January 26, 2017
Atheists may not believe in God, but they certainly have a healthy fear of Him! What else could explain their obsession with kicking faith out of the public schools? And despite often being on the losing end of these battles, groups like American Humanist Association don't know the meaning of the word "quit." Over Christmas, they picked on a familiar target: a small school district in Missouri that they thought they could bully.
Turns out, Joplin's middle schools aren't easily intimidated. After a single parent complained about a morning Bible study in the auditorium, AHA fired off a threatening letter, warning that the district should suspend the club -- or else. The events were entirely student-led and funding with private dollars from the community. In other words, the atheists didn't have a case. And the district knew it. They stopped the breakfast events long enough to investigate, but concluded -- as any rational staff would -- that nothing about the Bible studies violated the law. Much to the frustration of the AHA, the group is set to reconvene next week. Lew Poe, a youth pastor at Wildwood Baptist Church, is just one of the relieved locals. "What the ultimate goal is, and was before, is to lift up student leaders," he told reporters.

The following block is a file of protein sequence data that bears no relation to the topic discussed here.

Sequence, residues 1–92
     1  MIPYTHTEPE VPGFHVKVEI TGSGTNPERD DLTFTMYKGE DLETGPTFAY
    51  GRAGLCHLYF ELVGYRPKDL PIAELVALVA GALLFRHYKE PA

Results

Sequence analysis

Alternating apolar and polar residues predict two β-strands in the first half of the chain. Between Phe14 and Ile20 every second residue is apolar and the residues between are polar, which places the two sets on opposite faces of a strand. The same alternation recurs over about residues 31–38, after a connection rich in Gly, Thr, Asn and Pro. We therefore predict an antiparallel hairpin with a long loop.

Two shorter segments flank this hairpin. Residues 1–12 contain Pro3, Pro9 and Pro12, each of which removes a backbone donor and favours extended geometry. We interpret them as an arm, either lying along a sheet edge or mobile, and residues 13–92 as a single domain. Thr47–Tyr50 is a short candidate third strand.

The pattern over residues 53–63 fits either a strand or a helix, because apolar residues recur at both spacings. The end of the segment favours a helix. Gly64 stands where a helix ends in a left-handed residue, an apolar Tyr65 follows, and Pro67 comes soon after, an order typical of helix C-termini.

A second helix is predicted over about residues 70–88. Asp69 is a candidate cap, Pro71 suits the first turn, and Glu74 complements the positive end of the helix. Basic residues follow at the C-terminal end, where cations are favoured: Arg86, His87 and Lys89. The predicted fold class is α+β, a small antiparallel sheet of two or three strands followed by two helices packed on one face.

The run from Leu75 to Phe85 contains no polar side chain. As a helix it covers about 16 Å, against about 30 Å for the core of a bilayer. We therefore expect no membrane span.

Isabella Lankford, a sixth grader who campaigned to keep the study, is obviously one such leader. "My life pretty much centers around my faith and my relationship with Jesus. I chose Eagles for Christ to meet other students who have the same belief in Jesus as me. This has provided me with richer and more meaningful educational experience... In the future, I would hope it will be as accepted as my running club, drama club, and creative writing club." Let's hope more school districts take a page out of Joplin's book and stand up for the rights of all students -- including Christians!
Tony Perkins' Washington Update is written with the aid of FRC senior writers.